Patrice Bergeron gives candid reaction to Bruins signing Mitchell Miller

Patrice Bergeron gives candid reaction to Bruins signing Mitchell Miller originally appeared on NBC Sports Boston

The Boston Bruins pride themselves on culture, and no player on the current roster has done more to establish that welcoming, inclusive environment than Patrice Bergeron.

It’s a culture that was largely established in 2006 with the arrival of Zdeno Chara, and the exceptional leadership, compassion and inclusiveness he displayed as team captain for well over a decade. Bergeron, who currently serves as team captain and is one of the franchise’s greatest players, helped Chara build that type of culture and environment.

When players come to the Bruins from other teams they are amazed at the leadership and togetherness of the locker room. There is a high standard of character that Bergeron and the other veterans hold every player to.

Don Sweeney sheds light on the reasoning behind Bruins signing Mitchell Miller

And that’s one of the reasons why the Bruins’ decision to sign defenseman Mitchell Miller on Friday goes against everything the team has built over the last two decades.

Miller in 2016 was convicted in juvenile court of bullying a Black classmate with developmental disabilities when he was 14 years old. Miller was drafted by the Arizona Coyotes in the fourth round of the 2020 NHL Draft, but they released him after more details surfaced about how Miller and a classmate bullied and mistreated another classmate, Isaiah Meyer-Crothers.

Bergeron was asked Saturday in Toronto before the Bruins’ game against the Maple Leafs about the team signing Miller. He gave an honest response.

“I was asked by Don (Bruins GM Don Sweeney) close to a week ago for my opinion. I had my concerns,” Bergeron told reporters. “I shared my opinion. In a way, I was not necessarily agreeing with it. To be honest with you, the culture that we’ve built here goes against that type of behavior. We’re a team that’s built something about character, character people and individuals. What he did, obviously, is unacceptable and we don’t stand by that.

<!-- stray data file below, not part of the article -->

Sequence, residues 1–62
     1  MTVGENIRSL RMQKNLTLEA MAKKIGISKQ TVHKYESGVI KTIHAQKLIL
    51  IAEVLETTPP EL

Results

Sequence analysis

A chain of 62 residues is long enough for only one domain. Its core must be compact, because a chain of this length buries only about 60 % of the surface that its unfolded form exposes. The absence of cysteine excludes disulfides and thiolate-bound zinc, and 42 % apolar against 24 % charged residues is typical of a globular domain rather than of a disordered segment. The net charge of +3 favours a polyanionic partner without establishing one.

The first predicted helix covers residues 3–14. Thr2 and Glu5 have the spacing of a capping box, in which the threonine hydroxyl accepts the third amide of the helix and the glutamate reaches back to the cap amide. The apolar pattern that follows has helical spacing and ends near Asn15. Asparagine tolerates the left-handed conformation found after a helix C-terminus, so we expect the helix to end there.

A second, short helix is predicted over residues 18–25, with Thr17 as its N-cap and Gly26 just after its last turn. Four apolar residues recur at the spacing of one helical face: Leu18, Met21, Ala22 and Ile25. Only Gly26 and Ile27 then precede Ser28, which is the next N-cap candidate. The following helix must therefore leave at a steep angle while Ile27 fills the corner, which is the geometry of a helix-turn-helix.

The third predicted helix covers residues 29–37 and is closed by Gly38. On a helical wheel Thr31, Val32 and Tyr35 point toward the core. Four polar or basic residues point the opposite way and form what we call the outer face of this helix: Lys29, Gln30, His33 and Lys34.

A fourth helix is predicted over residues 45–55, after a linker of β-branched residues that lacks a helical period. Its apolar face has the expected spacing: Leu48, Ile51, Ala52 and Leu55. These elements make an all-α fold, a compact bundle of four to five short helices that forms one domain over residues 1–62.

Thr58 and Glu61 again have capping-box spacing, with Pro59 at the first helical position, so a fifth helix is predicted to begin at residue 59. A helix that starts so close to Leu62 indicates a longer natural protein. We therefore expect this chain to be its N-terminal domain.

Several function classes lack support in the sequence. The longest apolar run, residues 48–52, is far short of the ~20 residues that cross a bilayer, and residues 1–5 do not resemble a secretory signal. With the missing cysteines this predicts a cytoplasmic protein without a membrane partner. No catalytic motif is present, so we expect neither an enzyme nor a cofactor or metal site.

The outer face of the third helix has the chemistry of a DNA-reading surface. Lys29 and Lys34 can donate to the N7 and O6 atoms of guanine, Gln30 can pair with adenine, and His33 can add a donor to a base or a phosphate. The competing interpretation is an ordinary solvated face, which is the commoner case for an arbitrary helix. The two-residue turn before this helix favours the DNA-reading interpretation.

“For me, I know for myself, anyways, in this locker room, we’re all about inclusion, diversity, respect. Those are key words and core values ​​that we have. We expect guys to wear this jersey to be high-character people with integrity and respect. That’s how they should be acting.

“My understanding is he’s going to put in the work in development programs and community programs to better himself. It’s up to him to do that. That’s it. From my standpoint, it’s a hockey operations decision. For myself, we can control what we can control. Truthfully, hopefully there’s some growth and change. If it’s the same 14-year-old that would be walking into this locker room, he wouldn’t be accepted and wanted and welcomed in this locker room, to be honest with you . That’s my stand on it.”

Bergeron wasn’t the only player who shared his concerns Saturday.

“It’s tough. It’s a really hard topic,” Bruins forward Nick Foligno told reporters in Toronto on Saturday. “First and foremost, the organization is not going to do something that would jeopardize (the team culture). But in saying that, it’s not something anyone in this room stands for. The culture we’ve built and these guys have built before I got here, is one of inclusion. I think it goes against that. I understand he was 14 when he made this mistake. But it’s hard for us to swallow because we take a lot of pride in here, in the way we act, the way we carry ourselves, what it is to be a Bruin. So that was a tough thing to hear for our group.

“I’m not going to lie to you. I don’t think any guy was too happy because of how proud we are to say this is a group that cares a lot about ourselves, and how we carry ourselves and how we treat people So that was, for a lot of guys, especially the guys who have been here, a tough pill to swallow. In the same light, I don’t think the organization’s ever not looking out for the best interests of us.

“But I think we have a lot of concerns. This kid will have to answer for those and will have to prove to everybody and himself, especially if he wants to get in this room, that he’s a changed man. We hope he works towards that. But right now, our room is more worried about the group in here and what we’re doing. It’s a special thing we’ve got going on here. We’re not going to let something like that ever come into our room .”

Despite these concerns from the team leaders, the Bruins went ahead and signed Miller anyway.

And the Bruins didn’t even consult the NHL before signing him, as league commissioner Gary Bettman revealed Saturday. Bettman also said Miller is not eligible to play in the NHL right now, and that “I can’t tell you that he’ll ever be eligible to come into the NHL.”

The Bruins have handled this situation in just about the worst possible way.

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